In summary, the Green’s function formulation to address the role of a partially communicating interface detailed here is a general one; we may tap into the potential of the solutions discussed here in a number of contexts such as biophysics, fractal media, and the like, as Laplace transformations and the method of sources and sinks are used. As mentioned in the Introduction, the expressions derived here are directly transferable to other fields; only a change in Nomenclature is needed.


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All Figures

thumbnail Fig. 1

Responses at a well producing a composite system under subdiffusive flow. All solutions generated through equation (36) for of illustrate derivative responses, . The influences of , and the exponent, , are considered; the properties of Zone are held constant. The two dashed lines marked AN reflect calculations obtained through equation (59) and are in excellent agreement with the rigorous solutions which meet the two stipulations (equal ’s and ’s) stated. The upward rise in the responses as the magnitude of the exponent decreases reflects the lower effective permeability of Zone 2.

In the text
thumbnail Fig. 2

The well response for production at a constant rate for a composite system; pressure, , and the corresponding derivative, , responses, the top and bottom sets of curves, respectively, are shown. The intent is to demonstrate the influence of diffusivity ratio, , and the exponent, . The unbroken lines presume that the ’s are equal; the symbols denoted as circles and squares presume that . If the ’s are equal, then the influence of ηD is negligibly small; see Curves labelled B; the corresponding derivative curve shows that the analytical solution shown as a dashed line (marked AN) predicts values in excellent agreement. The circles and squares illustrate the influence of for . In general, solutions depend on both and .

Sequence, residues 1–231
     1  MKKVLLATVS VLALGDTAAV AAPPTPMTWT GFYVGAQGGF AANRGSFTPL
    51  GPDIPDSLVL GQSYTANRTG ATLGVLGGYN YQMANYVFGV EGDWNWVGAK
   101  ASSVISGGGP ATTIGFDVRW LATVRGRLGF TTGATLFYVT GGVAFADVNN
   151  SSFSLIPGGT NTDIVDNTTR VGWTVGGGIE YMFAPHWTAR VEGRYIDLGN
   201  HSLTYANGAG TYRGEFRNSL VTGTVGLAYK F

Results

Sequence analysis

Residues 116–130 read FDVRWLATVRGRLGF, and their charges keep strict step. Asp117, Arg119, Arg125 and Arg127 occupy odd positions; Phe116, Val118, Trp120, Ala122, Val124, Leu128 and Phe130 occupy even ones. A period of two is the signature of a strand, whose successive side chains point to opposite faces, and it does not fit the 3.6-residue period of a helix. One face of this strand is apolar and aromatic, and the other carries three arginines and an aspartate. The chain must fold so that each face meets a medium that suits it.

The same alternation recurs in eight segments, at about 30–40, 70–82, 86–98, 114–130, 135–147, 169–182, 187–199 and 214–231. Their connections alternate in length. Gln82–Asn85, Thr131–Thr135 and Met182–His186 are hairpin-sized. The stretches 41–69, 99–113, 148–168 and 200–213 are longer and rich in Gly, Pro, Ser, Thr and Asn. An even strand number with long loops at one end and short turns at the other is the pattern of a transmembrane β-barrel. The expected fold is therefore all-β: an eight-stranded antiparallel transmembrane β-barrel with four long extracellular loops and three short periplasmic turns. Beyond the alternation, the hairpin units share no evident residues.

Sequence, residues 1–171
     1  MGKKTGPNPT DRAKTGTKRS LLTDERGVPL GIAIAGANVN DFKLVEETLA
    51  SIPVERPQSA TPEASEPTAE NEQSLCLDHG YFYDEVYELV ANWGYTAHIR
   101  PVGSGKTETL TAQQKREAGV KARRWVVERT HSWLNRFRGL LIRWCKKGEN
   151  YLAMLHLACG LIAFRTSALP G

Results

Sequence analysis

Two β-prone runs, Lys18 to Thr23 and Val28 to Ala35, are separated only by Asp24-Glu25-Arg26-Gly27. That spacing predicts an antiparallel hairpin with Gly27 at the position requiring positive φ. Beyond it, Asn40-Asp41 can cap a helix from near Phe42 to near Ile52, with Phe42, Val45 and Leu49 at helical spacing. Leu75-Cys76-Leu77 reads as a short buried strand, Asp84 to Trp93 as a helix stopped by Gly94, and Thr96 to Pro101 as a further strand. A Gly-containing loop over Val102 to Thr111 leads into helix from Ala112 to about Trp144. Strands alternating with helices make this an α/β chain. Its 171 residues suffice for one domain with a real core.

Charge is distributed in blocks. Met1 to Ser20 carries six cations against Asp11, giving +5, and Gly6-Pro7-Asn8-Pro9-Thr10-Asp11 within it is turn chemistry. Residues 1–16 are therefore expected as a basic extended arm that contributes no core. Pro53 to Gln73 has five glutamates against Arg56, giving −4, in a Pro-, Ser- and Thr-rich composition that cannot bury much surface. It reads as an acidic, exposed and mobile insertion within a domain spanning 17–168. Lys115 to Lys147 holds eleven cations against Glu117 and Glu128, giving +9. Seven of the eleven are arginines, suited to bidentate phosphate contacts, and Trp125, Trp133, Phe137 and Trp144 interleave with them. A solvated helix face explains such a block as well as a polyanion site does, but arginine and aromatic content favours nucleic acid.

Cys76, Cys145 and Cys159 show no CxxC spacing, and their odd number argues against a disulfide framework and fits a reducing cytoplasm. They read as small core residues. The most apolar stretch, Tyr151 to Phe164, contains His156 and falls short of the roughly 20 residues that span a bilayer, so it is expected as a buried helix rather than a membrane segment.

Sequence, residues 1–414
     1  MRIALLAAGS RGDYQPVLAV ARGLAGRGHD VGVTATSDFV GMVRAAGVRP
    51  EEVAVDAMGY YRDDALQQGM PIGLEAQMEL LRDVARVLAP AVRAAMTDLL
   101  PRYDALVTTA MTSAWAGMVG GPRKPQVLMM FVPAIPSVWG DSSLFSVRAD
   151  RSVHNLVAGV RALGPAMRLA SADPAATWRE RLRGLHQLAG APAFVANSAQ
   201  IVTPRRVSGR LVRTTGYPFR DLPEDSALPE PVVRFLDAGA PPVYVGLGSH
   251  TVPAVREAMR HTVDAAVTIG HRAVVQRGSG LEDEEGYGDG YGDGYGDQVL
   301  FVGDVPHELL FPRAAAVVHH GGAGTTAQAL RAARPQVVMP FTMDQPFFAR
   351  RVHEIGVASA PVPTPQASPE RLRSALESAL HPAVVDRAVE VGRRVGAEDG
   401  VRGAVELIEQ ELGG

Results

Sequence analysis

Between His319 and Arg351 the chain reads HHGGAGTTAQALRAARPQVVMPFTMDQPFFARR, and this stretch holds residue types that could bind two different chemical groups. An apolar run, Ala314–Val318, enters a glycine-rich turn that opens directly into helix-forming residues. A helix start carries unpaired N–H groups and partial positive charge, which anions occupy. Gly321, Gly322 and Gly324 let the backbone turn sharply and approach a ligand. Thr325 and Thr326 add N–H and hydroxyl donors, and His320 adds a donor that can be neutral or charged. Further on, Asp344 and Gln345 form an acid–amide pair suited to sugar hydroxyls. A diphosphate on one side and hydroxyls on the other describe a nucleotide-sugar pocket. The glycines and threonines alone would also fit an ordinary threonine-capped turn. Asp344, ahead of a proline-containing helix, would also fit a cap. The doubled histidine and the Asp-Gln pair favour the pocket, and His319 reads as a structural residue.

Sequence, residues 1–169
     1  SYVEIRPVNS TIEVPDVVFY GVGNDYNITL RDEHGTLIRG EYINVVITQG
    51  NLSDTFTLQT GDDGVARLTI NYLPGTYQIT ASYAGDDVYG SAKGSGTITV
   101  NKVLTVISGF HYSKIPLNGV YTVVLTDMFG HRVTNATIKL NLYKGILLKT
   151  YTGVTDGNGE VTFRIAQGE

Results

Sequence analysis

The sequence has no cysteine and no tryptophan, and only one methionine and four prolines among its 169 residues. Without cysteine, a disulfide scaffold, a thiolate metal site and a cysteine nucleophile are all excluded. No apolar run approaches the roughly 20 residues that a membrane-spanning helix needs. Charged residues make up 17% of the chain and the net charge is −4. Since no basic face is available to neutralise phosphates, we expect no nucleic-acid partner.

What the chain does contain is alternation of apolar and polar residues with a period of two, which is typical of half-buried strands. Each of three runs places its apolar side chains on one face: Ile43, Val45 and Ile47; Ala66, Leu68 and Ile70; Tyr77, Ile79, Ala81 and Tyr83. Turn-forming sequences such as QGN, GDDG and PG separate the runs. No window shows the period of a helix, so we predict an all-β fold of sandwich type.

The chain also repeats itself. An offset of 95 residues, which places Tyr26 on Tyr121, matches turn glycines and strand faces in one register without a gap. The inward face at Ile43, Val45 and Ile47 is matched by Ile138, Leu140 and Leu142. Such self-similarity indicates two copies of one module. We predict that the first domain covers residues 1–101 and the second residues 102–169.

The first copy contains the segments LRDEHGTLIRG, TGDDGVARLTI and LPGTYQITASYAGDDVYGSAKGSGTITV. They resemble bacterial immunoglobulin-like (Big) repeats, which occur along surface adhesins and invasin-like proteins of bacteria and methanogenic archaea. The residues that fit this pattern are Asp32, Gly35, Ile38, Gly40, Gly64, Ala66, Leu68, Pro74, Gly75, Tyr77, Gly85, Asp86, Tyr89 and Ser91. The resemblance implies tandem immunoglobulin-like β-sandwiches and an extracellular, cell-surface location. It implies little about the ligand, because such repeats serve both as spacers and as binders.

In the text
thumbnail Fig. 3

Influence of contact resistance on derivative responses at an observation well, . Both wells are on the same side of the fault, hence the sharp rise in the derivative curve. The principal goal is to demonstrate the influence of , and . Properties of Zone are held constant and classical diffusion prevails (); unbroken lines are for α2 = 1; dashed lines for and small dashes for .

In the text
thumbnail Fig. 4

Influence of contact resistance on derivative responses at an observation well, . Again, both wells are on the same side of the fault, the change in from 1.0 to 0.9 produces a significant change in the magnitude of the response.

In the text
thumbnail Fig. 5

The probability density function as a function of α in Figure 5; η = 1 and t = 1.

In the text